An Ode to Doris Day

1922-2019

When I heard the news that Doris Day passed away, I initially believed it was a hoax.

The news was so baffling that I strangely thought that maybe it had been a mistake.

Unfortunately, it was very real and my heart couldn’t contain the heartache that it went through. Doris was one of the first actresses I got into when i first started watching classic films, so to hear that she finally went to be with the big guy upstairs hurt me quite a bit.

Pillow Talk, The Man Who Knew Too Much, and Please Don’t Eat the Daises were some of the first films I bought on blu-ray thanks to her.

Her movies opened the door to a world of romantic comedies, and eventually this lead me to discover her music and discography. Not only was Doris extraordinarily charming on screen, she also had a lovely voice.

Most of Doris‘ movies were also horribly overlooked.

I actually remember reading on one TCM discussion board that someone didn’t bother checking out her movies cause they felt too “Saturday mornings at your grandmother’s house.”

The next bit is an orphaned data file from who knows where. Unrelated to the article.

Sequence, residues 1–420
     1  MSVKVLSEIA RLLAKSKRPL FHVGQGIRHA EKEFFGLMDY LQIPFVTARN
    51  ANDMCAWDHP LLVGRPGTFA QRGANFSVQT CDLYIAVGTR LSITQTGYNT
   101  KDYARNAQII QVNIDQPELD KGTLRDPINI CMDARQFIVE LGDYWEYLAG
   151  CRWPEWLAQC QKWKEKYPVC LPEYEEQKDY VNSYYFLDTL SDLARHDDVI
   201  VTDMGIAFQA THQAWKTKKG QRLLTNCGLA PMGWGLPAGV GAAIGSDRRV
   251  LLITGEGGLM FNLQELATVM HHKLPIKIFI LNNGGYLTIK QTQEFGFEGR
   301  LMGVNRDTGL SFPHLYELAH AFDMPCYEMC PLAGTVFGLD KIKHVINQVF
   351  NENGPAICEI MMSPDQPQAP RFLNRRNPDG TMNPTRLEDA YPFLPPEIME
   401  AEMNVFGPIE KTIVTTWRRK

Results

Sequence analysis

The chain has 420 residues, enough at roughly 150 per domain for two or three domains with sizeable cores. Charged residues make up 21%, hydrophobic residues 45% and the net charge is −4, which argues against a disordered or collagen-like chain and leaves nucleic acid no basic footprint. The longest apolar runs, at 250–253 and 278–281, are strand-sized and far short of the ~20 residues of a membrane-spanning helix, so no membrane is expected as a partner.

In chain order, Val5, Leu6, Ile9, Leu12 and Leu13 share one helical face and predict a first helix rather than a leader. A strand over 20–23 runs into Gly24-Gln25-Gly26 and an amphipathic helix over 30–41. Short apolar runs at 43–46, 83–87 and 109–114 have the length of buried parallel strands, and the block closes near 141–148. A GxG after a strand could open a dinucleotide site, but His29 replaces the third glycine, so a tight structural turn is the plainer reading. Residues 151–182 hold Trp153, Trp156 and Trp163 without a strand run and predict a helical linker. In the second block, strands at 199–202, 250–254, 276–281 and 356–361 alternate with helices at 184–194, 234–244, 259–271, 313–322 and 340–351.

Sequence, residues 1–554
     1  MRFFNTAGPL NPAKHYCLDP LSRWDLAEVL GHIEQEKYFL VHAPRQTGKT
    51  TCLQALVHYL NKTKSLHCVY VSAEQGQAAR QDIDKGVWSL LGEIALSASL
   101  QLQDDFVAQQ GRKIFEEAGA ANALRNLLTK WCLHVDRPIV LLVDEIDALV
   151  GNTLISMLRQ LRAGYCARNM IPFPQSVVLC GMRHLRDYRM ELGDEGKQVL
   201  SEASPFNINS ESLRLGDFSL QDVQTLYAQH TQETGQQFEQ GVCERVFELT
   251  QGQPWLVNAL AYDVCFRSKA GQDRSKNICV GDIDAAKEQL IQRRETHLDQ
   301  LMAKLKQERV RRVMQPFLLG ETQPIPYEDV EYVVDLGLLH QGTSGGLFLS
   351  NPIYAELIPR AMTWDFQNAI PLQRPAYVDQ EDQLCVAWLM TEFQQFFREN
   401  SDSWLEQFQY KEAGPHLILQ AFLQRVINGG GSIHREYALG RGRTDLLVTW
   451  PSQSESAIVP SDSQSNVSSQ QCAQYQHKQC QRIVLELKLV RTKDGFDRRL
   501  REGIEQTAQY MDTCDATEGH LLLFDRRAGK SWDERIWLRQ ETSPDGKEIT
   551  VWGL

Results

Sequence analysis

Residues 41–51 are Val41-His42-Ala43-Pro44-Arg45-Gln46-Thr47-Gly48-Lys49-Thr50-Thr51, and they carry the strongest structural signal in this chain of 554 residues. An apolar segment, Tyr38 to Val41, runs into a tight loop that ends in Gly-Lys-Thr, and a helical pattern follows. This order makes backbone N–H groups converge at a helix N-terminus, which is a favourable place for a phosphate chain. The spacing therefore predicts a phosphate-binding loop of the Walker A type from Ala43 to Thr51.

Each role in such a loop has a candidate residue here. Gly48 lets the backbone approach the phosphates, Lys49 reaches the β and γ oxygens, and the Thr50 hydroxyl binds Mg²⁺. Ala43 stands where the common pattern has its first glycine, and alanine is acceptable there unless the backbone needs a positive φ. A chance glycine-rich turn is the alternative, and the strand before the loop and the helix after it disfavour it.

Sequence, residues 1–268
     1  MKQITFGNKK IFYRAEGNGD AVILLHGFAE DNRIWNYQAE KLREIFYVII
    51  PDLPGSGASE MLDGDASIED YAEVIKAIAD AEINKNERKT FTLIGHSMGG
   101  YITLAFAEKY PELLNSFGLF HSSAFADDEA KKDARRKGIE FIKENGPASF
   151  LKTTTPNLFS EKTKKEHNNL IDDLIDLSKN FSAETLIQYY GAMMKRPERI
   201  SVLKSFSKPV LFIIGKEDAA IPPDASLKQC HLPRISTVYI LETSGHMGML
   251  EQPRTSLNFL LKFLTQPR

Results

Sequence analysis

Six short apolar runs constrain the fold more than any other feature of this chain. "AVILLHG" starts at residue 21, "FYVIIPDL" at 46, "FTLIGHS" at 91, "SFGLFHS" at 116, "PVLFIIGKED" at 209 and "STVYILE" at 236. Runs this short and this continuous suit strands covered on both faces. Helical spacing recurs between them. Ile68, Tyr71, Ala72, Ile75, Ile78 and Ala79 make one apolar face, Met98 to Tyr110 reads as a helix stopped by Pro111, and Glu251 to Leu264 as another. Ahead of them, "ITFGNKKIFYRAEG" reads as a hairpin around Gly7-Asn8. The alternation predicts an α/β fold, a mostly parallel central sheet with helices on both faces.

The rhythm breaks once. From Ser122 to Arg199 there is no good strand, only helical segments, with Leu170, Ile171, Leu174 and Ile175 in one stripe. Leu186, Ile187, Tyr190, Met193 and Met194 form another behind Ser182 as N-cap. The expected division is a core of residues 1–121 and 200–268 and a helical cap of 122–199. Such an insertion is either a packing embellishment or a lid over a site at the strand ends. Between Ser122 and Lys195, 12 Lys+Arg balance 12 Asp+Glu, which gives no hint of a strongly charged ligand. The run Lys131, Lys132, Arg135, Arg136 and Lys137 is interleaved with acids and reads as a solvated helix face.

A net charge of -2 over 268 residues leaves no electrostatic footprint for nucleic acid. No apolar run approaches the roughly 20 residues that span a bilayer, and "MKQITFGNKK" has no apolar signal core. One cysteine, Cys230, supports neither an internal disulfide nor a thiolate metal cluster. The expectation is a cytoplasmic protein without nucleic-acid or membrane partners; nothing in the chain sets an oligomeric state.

Baffling.

Not only is this statement off base, I wish the user well, but that’s grossly misunderstanding the power of Day‘s movies.

She could act, very well, actually. Even though most of her movies were considered to be “friendly” they were never boring.

In fact she added an extra dimension to all of her performances, that’s why she was also so adept at transitioning to serious roles like Midnight Lace, The Man Who Knew Too Much and Love Me or Leave Me– masterpieces.

Doris Day was one of a kind and with each year that passes, we lose classic Hollywood stars. Ms. Day‘s life personified the longevity of these movies.

One can only hope that her movies and music are celebrated for another 97 years.

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